WASHINGTON, Sept. 21, 2016 - The ailing financial situation for many of America’s farmers will be getting special attention at the next USDA Agricultural Outlook Forum, an annual gathering that attracts representatives of the agriculture sector from around the world every February for two days in Arlington, Virginia.
The next Forum is still in the early planning stages, but USDA Chief Economist Robert Johansson said he’s hoping to get bankers, equipment dealers, farm coop leaders, government regulators and others to speak about farm financing. The topic “will most likely be even more important going into the spring next year for planting decisions,” he said.
Worsening farm income, the rising demand for credit, and the increasing inability of many farmers to make payments on existing loans has made the situation worthy of highlighting at the USDA Forum, Johansson told Agri-Pulse.
Johansson said he is paying especially close attention to the nonaccrual rate for loans, which has increased over the first two quarters of 2016. Nonaccrual loans, which don’t generate interest because borrowers fail to make payments, were on the decline through 2015, but that trend reversed this year.
National Farmers Union President Roger Johnson said that highlighting farm credit at the Forum is a great idea. Farmers have seen their income cut severely over the past three years, he said, and a “spotlight” on the situation is critical.
USDA’s Economic Research Service announced last month that it expects farm income to drop for the third straight year. It’s predicting a decline to $71.5 billion for 2016, from $80.7 billion in 2015 and $92.6 billion in 2014.
Strong production, weaker demand and low prices are the key factors behind the decline, and Johnson said he doesn’t see the situation changing soon.
“If you look at carryover stocks of all the major grains … they are extremely burdensome … so the likelihood for long-term price improvement is not very good, and all of that suggests that you’re going to find folks continuing to tighten their belts,” he said.
Financial stress for farmers was bad last year, worse this year and looks to remain significant next year, Johansson said. One in every 10 farmers is highly or very highly leveraged, and that’s having an impact on the farm economy, he said.
The rising need for farm credit was underscored about three weeks ago when USDA’s Farm Service Agency, commonly referred to as the lender of last resort, announced that it was offering an additional $185 million worth of direct and guaranteed loans because demand for the credit had outstripped supply.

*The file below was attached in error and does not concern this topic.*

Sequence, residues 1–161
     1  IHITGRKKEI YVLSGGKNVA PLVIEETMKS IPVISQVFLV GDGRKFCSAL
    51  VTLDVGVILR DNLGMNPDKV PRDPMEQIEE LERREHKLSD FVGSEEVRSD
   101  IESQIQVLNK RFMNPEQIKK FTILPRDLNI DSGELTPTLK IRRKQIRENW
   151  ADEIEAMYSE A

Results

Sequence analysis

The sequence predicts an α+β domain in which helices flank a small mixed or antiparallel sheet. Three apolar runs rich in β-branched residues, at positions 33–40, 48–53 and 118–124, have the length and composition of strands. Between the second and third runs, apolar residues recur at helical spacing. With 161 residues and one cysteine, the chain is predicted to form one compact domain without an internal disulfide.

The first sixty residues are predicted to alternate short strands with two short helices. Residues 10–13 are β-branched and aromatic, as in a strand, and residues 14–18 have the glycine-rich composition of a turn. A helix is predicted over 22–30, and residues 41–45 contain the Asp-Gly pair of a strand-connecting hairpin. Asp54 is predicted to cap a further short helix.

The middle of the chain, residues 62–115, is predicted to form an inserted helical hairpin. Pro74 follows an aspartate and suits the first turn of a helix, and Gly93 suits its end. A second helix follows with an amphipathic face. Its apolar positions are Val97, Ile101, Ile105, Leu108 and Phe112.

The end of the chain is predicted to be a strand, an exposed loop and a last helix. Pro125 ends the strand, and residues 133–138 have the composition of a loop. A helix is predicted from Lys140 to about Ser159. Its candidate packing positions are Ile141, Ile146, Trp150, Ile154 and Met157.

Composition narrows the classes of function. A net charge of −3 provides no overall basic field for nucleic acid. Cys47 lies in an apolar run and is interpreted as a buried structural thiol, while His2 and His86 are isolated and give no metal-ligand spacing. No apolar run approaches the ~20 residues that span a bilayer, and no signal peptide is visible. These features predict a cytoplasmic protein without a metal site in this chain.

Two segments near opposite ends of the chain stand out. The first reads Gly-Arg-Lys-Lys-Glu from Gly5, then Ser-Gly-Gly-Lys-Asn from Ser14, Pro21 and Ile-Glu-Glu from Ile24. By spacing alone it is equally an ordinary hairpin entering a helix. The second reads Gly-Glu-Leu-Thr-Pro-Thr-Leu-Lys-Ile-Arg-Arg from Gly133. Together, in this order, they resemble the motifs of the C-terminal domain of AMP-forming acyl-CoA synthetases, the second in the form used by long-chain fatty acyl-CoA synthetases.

FSA Administrator Val Dolcini said the agency will have provided a record $6.2 billion worth of loans and loan guarantees to more than 38,000 farmers in fiscal year 2016, which concludes at the end of September.
Groups like the National Sustainable Agriculture Coalition, National Farmers Union and the Farm Credit Council are already telling lawmakers that Congress needs to increase the budget for loans and loan guarantees provided by FSA.
In an interview this week, Dolcini said that if his agency were to be given more funds, there would not be a problem finding borrowers. “Certainly if we had more money, we would make more loans,” he said. “There’s no question about that.”
Farm credit demand has been growing since 2011 and saw spikes in the boom years of 2013 and 2014 when prices were high, income was strong and farmers felt confident enough to increase investment in new equipment and land, Johansson said. But now many farmers have taken on too much debt and are having trouble making payments.
The average debt-to-asset ratio has risen this year, as has the number of nonaccrual loans, and that’s making it harder and harder for bankers to lend out money, especially as farmland values and cash rents are coming down.
Nathan Kauffman, assistant vice president and Omaha branch executive with the Federal Reserve Bank of Kansas City, addressed the loan repayment trend in an Aug. 11 report.
In the second quarter of 2016, “more than 7 percent of farm loans had major or severe repayment problems, a relatively large increase” from the less-than-3-percent average from the same period in 2011-13, the report said. “The share of farm loans with at least minor repayment problems was approximately 22 percent in the second quarter, and has trended up since 2014.”
Johansson said he would like to have Kauffman take part in the Forum in February. The Fed official told Agri-Pulse he will definitely be there, but is unsure of what his role will be.
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